Sunday, February 23, 2014

Sermon - Seventh Sunday after the Epiphany

Seventh Sunday after the Epiphany – February 23, 2014
Leviticus 19:1-2, 9-18; Ps. 119:33-40; 1 Cor. 3:10-11, 16-23; Matthew 5:38-48
Saint Stephen Lutheran Church
The Rev. Maurice C. Frontz, STS

In our first reading from Leviticus,
we hear God telling Moses to say to the people,
‘You shall be holy, for I the LORD your God am holy.’
The people of Israel are to be the holy people of a holy God.
By extension, we, who are brought into the renewed Israel,
the Church of Jesus Christ, by baptism,
are also called to holiness.
But what does it mean to be holy?

Many people associate holiness with holy objects.
When a priest pronounces a blessing,
something or someone becomes holy.
An altar is holy. The bread and wine of communion are holy.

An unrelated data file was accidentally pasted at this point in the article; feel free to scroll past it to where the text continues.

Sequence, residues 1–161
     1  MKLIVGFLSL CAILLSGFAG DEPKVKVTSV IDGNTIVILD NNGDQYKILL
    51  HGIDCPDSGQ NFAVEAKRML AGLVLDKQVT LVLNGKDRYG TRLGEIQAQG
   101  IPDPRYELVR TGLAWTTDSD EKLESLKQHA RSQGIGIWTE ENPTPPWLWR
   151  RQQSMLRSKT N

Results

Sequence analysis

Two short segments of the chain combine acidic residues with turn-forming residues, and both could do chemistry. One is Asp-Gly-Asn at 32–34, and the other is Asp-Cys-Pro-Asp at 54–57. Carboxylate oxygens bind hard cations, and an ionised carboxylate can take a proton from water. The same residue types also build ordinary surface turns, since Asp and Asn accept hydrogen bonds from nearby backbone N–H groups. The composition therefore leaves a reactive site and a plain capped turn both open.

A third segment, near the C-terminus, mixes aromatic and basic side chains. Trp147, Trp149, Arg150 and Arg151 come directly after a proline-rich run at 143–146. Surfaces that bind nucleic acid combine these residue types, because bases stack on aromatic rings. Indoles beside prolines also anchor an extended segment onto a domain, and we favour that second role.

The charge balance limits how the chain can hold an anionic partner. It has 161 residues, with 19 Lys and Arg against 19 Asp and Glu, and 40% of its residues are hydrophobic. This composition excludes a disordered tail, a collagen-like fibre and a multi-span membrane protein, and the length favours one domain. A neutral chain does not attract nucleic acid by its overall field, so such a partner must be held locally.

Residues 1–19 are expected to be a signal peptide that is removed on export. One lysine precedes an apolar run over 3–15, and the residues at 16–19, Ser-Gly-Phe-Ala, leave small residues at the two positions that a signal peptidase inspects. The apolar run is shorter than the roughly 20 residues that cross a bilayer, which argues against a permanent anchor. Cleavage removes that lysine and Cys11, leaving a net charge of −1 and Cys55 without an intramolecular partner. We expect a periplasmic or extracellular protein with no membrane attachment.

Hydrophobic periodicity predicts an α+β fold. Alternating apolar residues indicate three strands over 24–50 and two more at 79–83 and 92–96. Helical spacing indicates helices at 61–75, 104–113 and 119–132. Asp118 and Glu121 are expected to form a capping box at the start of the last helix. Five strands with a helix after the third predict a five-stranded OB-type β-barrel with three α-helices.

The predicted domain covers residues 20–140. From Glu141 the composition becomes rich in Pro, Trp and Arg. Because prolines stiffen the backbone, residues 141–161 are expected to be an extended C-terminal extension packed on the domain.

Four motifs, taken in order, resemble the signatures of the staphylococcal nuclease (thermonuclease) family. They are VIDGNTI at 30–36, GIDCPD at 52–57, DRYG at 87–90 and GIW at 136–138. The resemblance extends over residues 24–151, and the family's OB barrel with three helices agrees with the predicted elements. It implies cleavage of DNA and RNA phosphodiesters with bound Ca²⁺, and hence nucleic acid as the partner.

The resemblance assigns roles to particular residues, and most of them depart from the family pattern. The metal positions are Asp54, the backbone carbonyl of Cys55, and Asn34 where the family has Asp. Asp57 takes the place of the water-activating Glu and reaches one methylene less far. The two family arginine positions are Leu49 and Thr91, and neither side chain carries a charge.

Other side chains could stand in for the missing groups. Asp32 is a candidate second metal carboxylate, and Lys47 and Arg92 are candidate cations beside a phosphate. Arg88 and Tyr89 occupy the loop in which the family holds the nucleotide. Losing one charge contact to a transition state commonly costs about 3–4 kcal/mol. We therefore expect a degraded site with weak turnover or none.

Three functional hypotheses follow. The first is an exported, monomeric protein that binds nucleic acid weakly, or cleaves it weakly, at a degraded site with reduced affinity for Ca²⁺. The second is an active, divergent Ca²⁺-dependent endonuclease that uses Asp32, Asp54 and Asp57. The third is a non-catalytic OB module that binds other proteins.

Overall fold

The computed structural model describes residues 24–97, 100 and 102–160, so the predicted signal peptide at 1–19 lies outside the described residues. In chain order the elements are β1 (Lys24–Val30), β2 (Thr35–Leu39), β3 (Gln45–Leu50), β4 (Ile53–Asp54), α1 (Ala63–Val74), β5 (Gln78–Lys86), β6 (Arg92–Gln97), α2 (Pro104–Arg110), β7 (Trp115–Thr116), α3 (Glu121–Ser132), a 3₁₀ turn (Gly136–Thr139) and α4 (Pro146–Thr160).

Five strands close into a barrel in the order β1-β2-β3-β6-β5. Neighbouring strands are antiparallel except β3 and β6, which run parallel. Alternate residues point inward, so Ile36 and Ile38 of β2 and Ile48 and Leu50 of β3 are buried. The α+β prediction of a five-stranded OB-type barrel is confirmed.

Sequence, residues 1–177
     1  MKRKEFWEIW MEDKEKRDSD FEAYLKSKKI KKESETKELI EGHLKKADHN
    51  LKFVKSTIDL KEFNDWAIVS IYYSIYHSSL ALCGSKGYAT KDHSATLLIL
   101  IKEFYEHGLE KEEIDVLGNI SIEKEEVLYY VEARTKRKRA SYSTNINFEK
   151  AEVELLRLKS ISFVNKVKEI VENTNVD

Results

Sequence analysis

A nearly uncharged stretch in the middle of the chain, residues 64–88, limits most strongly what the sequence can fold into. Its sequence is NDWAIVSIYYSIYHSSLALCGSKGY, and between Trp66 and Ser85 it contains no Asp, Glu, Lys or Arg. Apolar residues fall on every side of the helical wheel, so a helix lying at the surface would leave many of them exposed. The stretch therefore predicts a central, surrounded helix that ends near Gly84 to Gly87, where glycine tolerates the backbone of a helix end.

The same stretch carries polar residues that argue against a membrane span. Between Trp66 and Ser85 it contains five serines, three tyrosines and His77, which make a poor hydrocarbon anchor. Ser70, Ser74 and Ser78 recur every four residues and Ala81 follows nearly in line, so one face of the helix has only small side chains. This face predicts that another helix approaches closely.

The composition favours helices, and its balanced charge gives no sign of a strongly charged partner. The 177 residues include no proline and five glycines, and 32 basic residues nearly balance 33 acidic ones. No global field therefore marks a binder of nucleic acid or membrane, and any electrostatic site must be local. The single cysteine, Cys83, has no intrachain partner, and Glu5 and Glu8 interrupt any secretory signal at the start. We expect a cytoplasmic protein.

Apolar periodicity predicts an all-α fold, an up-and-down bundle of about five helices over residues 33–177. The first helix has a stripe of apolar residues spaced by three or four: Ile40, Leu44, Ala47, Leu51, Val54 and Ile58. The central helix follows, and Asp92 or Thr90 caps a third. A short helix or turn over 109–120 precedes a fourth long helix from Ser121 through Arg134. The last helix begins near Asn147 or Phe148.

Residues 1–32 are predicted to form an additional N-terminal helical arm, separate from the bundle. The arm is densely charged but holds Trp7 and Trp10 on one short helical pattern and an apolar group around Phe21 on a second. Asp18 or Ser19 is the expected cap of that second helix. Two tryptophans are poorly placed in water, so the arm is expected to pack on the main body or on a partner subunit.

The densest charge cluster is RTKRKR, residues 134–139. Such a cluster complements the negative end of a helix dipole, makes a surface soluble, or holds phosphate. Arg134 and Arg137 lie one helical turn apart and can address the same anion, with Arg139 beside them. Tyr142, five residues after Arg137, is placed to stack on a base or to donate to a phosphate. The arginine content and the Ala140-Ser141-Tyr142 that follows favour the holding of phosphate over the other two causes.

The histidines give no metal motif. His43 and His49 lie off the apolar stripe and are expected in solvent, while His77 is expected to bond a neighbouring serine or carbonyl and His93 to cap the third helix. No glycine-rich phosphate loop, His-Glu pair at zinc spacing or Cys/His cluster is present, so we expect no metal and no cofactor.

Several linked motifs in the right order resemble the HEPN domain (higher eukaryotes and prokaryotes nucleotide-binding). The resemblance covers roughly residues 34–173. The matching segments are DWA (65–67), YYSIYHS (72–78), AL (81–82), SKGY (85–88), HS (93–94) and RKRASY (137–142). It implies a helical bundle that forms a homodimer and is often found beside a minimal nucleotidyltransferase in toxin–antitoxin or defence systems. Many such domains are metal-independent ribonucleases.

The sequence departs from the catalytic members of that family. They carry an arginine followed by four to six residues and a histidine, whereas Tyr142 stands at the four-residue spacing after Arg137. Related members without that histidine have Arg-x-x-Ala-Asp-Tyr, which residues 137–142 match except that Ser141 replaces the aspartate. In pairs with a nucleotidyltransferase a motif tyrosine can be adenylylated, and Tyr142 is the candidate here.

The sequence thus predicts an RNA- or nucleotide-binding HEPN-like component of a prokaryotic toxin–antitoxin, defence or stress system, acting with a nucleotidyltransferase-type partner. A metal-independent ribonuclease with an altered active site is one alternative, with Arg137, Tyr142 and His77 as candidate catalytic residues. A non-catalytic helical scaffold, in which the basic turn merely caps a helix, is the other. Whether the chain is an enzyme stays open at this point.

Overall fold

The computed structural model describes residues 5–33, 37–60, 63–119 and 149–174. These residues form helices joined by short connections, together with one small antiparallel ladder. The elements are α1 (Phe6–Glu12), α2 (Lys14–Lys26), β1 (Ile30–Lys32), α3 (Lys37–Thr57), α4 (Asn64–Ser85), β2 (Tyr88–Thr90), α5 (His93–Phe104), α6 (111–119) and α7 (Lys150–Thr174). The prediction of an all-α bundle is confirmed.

Many of you grew up with holy water.
Perhaps we are supposed to be like that.
Special. Almost glowing with an ineffable, intangible light.

Or perhaps holiness is the unearthly power of God.
Remember the movie Raiders of the Lost Ark,
when the Nazis open the Ark and a beautiful angel comes out?
Suddenly the angel transforms into the angel of death.
Lightning shoots out of the ark,
and the Nazis’ heads explode.
I don’t have the power to make people’s heads explode.
At least I don’t think I do.
Maybe I’m not holy enough yet.

Or perhaps holiness is equated with a moral purity.
Such people hardly seem to live in this world,
for they are constantly occupied with thoughts of God.
Even if they are non-judgmental people,
they give off an aura of otherness that makes it seem
that it is impossible to measure up to their standard.